Last month, my fiancee and I decided to take a whirlwind tour around Japan’s Kansai area. Taking advantage of the relatively weak yen and the affordable JR Tourist Pass for Takayama-Hokuriku region, we had great fun traversing long-anticipated historic and picturesque cities such as Nara, Kyoto, Kanazawa, Gifu, Nagoya and of course, Osaka.
The journey would not be complete without making the necessary pilgrimage to shops selling washi paper and chiyogami. There are big established stores such as Tokyu Hands in most cities selling a wide range of decorative paper products. Fellow bookbinder, ST Leng of Bukurama has a comprehesive blog post on where to look for bookbinding materials and papers in Tokyo.
However, it is also satisfying to look for the source where these papers come from. That reclusive village where great masters gather to make papers in the traditional methods. There are a few such villages / towns in Japan. One of them is Mino City. It is one of the three communities in Japan which still carries out the traditional craft of hand-making paper. The other two being Misumi-cho in Hamafa City and Ogawa Town in Saitama Prefecture. The art of paper making is an elaborate one. It starts from soaking the mulberry plant in clear river water. Through many processes, it concludes with the setting of a thin layer of fibre on a bamboo screen to make washi paper. This technique is so intricate and well-preserved through generations, it was inscribed in the UNESCO Representative List of Intangible Cultural Heritage of Humanity in 2014. Fresh from the exuberance of having a world recognised skill in the old city, there are congratulatory banners everywhere in the city.
Knowing that Mino City will definitely be worth a visit, we took the route prescribed by the JR pass. Taking a bus from Kanazawa City to Takayama, we passed through the World Heritage Site of Shirakawago Village. The detour was well-worth the effort as the mountainous village still retain its traditional thatched roof architecture. The temperature there was also much colder than the lowlands, which meant that while sakura flowers were in full bloom in Osaka and Kanazawa, there was still snow everywhere in Shirakawago. From Takayama, it was another 1 hour train ride to Mino City.
The attraction of Mino City is doubtlessly its well-preserved architecture. Due to the success of Mino Washi production, the downtown area flourished to include many large homes lined with Udatsu (decorative fire wall). This area, known as Mino-machi, is located on top of a hill which made it resistant to floods and earthquakes but put it at a distance to the river in case of a fire. There fore, people constructed Udatasu firewalls on both sides of the roof, widened the street and enshrined hibusegami (god of fire prevention) on the roof. Each Udatsu is decorated with the family crests and Mushiko windows (small windows designed to look like butterfly catchers). In the evenings starting mid-October till the end of November, the Udatsu streets are lined with lamps made from Mino Washi. Spotlights shine on the homes while the street glows with the warmth of washi lanterns.Though I missed the lanterns, there are some permanent washi lanterns at the train station as well.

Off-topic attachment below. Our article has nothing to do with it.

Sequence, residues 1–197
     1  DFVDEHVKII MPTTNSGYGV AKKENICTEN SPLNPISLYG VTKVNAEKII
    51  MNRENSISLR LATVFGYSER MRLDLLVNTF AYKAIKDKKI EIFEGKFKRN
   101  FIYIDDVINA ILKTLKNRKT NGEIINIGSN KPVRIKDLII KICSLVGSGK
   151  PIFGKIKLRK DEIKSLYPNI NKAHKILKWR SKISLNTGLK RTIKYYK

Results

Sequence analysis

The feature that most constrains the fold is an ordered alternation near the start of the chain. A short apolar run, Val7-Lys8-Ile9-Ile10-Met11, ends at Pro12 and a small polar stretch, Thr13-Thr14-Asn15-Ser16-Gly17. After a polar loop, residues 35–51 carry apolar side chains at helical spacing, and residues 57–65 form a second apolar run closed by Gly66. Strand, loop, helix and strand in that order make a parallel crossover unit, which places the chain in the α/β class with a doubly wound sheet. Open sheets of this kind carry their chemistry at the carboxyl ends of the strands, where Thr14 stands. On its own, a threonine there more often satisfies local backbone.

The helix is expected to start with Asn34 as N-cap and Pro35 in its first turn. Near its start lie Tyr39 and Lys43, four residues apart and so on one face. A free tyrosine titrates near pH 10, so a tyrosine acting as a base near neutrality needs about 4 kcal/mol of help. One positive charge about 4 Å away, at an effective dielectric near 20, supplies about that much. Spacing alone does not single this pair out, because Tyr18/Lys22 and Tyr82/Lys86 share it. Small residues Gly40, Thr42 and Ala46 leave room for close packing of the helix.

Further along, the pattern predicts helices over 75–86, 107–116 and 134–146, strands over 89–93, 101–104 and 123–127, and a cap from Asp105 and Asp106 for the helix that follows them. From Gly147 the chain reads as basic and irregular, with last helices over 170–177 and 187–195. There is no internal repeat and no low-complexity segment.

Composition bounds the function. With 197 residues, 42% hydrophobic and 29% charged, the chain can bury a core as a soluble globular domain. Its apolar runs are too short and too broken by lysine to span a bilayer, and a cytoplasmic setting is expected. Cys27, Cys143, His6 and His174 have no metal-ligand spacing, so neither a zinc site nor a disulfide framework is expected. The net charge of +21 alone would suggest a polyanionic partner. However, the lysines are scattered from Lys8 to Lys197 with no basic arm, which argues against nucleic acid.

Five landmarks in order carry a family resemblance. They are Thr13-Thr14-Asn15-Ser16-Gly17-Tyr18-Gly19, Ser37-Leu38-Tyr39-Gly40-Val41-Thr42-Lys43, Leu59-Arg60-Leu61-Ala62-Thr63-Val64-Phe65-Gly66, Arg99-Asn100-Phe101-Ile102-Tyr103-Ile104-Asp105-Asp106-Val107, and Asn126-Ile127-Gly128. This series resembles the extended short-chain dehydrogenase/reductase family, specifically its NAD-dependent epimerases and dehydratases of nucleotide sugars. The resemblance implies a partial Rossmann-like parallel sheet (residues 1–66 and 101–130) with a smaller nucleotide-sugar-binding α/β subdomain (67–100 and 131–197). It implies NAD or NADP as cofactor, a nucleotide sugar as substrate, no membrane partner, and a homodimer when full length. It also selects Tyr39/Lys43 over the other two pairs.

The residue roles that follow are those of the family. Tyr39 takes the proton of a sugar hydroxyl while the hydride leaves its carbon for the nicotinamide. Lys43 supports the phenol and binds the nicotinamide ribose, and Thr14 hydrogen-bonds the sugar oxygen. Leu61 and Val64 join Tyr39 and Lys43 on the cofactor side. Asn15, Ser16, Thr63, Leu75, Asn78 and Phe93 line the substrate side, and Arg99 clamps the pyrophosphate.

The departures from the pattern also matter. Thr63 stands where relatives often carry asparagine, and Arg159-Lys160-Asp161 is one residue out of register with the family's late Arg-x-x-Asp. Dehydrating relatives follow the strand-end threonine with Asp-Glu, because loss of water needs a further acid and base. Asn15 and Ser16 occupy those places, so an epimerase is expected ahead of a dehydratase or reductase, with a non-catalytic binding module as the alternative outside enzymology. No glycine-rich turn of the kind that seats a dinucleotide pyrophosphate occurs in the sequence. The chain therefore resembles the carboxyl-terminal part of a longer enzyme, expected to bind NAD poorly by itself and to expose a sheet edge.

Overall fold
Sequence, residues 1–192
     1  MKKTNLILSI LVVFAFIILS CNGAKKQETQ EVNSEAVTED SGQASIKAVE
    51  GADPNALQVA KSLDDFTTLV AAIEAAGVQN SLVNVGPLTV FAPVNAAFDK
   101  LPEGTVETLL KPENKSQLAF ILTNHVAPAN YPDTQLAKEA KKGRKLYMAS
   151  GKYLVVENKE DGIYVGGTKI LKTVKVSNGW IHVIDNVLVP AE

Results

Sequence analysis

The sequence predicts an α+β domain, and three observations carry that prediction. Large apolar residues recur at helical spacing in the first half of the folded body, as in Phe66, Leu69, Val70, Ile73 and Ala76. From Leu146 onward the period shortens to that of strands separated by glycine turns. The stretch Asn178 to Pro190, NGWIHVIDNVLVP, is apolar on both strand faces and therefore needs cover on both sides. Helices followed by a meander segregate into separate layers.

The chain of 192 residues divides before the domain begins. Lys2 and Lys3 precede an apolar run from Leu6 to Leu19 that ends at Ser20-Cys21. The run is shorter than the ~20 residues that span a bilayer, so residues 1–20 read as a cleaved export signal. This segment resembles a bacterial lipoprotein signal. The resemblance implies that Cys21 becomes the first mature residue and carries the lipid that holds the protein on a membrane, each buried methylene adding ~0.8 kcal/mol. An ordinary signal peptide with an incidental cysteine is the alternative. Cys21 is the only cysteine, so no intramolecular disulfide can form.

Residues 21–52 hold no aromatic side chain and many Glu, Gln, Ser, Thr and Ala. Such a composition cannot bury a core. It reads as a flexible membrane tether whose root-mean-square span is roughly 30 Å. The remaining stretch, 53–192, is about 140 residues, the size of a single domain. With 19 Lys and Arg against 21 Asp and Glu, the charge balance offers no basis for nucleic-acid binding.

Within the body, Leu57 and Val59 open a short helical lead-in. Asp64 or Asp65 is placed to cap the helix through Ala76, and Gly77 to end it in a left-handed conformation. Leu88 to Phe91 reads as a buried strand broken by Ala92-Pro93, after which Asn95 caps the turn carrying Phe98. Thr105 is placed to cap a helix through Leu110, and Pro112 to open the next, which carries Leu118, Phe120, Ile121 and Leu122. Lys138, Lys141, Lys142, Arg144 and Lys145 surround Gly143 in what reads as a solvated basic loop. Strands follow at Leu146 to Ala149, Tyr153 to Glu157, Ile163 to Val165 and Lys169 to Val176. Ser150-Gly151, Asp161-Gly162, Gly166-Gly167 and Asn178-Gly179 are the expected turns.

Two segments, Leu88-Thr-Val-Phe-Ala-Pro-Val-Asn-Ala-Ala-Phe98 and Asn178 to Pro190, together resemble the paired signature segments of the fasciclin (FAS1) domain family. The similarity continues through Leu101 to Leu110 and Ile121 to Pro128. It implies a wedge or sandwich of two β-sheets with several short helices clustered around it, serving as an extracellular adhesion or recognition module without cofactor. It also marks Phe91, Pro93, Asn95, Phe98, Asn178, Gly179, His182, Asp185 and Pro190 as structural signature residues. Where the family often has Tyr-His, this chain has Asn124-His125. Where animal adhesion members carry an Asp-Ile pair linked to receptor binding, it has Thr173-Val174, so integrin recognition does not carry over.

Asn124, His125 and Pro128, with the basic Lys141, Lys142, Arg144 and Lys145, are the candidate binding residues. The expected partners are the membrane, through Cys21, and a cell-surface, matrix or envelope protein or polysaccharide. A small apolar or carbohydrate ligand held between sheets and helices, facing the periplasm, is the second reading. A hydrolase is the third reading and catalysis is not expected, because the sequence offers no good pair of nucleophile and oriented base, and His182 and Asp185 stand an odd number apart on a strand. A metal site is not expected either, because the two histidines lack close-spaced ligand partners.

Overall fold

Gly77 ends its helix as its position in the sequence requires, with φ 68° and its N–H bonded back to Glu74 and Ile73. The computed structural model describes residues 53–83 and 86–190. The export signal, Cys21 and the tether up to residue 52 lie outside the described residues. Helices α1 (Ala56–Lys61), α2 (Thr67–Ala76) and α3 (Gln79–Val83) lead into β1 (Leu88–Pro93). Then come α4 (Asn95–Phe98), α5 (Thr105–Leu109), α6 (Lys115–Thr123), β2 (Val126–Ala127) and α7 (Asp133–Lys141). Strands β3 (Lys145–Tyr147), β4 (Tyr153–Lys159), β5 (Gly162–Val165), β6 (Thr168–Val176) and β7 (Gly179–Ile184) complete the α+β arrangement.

Almost every other shop in the town sells something related to washi paper. The most comprehensive however, must be the Mino Washi Paper Museum located about 8km outside the city. It contains two main hall, the first hall introduces the history and technique of washi paper made in Mino vis-a-vis those made in other parts of Japan/the world, while the second hall showcases the varied uses of washi in Japanese culture, from screen walls to lacquered paper clogs.
The other attraction of the museum is the opportunity to learn how to make mino washi. Participants simply had to buy a package ticket from the museum which included admission, hands-on workshop and lunch at the museum restaurant. The total cost per participant is merely 1500 yen and the delicious lunch definitely cost more than this price in bigger cities.
The paper making workshop itself took about 30 min and it involved moving the bamboo sieve (keta in japanese) in a suspended mixture of mulberry fibres over a fine bamboo screen (su). The completed washi paper is then carefully removed using a soft brush and transferred to a hot surface to dry.
The museum also serves as a showroom of washi paper made by grandmasters. Each of these speciality papers are labelled with details of the master and where his or her workshop is based. Apart from traditional washi, the museum also sells decorative patterned washi as well as tools for paper backing and calligraphy.
If you are a paper lover and connoisseur, Mino City in Gifu Prefecture is a must-go destination during your next Japan trip!